Insulin Crisis is a Human Rights Issue says Human Rights Watch
Will the Senate listen?
Global human rights research and advocacy organization Human Rights Watch issued a 92-page report today arguing that the U.S. government violates the right to health for people with diabetes by failing to ensure equal and affordable access to insulin.
“Since the U.S. doesn’t regulate drug prices or ensure adequate coverage for insulin costs, countless people who can’t afford expensive insulin are not only straining their financial resources but paying with their health, lives, and livelihoods,” said Matt McConnell, the project’s lead researcher.
The report outlines the impact of the crisis and blames the U.S. government’s refusal to regulate drug prices, an outlier among wealthy nations in this regard. The organization cites interviews with 50 people, including 18 insulin-dependent people with diabetes — nearly all of whom reported rationing their insulin — and a host of secondary sources and publicly available pricing data.
This report emerges at a crucial moment, as the U.S. Senate contemplates a newly proposed bipartisan insulin bill.
“Our proposal holds all parties accountable,” Senators Jeanne Shaheen (D-NH) and Susan Collins (R-ME) write, “by encouraging them to reduce list prices, and critically, it limits out-of-pocket costs for patients with diabetes.”
Like the one passed earlier this month by the House, the proposal being floated by Sens. Collins and Shaheen does not explicitly address the needs of people without insurance, focusing instead on cost-sharing for the insured. However, this new proposal does go a half-step further in seeking to “encourage” list prices to fall.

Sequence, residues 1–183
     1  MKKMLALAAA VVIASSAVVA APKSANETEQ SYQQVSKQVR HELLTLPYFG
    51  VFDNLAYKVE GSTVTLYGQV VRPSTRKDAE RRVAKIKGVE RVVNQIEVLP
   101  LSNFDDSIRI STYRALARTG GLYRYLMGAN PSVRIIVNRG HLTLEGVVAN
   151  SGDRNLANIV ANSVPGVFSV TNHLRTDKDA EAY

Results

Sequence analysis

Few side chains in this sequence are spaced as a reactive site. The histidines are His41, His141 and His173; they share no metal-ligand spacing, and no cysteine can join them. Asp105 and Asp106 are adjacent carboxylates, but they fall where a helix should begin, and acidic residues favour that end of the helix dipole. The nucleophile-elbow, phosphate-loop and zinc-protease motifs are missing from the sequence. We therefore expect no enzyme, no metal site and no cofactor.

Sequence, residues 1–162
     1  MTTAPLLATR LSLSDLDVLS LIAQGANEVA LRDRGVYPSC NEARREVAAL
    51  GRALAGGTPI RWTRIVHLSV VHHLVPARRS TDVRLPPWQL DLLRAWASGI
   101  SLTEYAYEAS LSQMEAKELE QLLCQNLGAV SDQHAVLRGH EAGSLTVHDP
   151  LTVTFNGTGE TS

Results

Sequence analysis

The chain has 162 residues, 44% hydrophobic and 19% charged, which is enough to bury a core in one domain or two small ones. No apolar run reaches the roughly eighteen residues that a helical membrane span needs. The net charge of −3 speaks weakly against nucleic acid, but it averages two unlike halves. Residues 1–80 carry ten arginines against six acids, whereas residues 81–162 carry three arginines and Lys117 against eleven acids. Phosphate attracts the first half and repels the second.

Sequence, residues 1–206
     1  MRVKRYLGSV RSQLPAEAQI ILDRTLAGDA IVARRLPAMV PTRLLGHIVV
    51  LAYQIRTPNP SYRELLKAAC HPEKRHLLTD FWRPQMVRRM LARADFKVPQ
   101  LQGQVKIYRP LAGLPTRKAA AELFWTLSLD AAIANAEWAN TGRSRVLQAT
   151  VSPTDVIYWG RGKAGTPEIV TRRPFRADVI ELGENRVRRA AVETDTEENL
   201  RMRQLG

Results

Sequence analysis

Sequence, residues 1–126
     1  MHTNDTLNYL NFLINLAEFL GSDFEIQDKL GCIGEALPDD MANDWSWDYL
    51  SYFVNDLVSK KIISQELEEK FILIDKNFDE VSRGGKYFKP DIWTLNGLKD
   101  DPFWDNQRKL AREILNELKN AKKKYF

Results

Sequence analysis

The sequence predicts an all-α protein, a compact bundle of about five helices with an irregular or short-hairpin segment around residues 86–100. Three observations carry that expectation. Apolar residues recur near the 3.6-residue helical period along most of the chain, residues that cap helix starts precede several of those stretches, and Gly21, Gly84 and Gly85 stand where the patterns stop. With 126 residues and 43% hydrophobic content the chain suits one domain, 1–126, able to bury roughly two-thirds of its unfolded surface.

This additional layer meant to drive down prices comes in two flavors. First, it bans the rebates collected by insurance plans and pharmacy benefit managers, the system that the pharmaceutical companies have long argued forces them to raise prices to stay competitive.
Secondly, it bans insurance companies from requiring prior authorizations — the dreadful process by which your insurance company decides whether your doctor has written the right prescription — on any insulin whose price is rolled back to 2006 levels. This section of the proposal is presumably the part meant to hold that last pesky party — the pharmaceutical industry — accountable, because in theory it incentivizes them to lower the list price.
But for the pharmaceutical industry, a proposal that doesn’t actually require anything of them is a lobbying grand slam. If a bill that would not force the manufacturers to lower the price of insulin were to pass, a bill that instead relies on regulatory tweaks to the insurance and PBM industries, it would reveal either the Senate’s inability to imagine a pharmaceutical industry that acts anything but benevolently or its complete industry capture. Despite the fact that polls consistently show that U.S. voters want the government to regulate the prices of drugs, the control that the industry has in Washington remains unchallenged.
The Human Rights Watch report frames the issue in as stark a way as any other organization has done — as an abuse of human rights. The gravity of such a declaration hardly seems to match the proposals on the table.
As the report reminds us, the U.S. has never ratified the Universal Declaration of Human Rights and the International Covenant on Economic, Social and Cultural Rights (ICESCR), which would affirm the government’s obligation to ensure the provision of health care for its citizens. As it stands, the U.S. government continues to walk a very different path.
Want to submit your thoughts to Sen. Collins and Sen. Shaheen? The senators ask “stakeholders” to send feedback to firstname.lastname@example.org.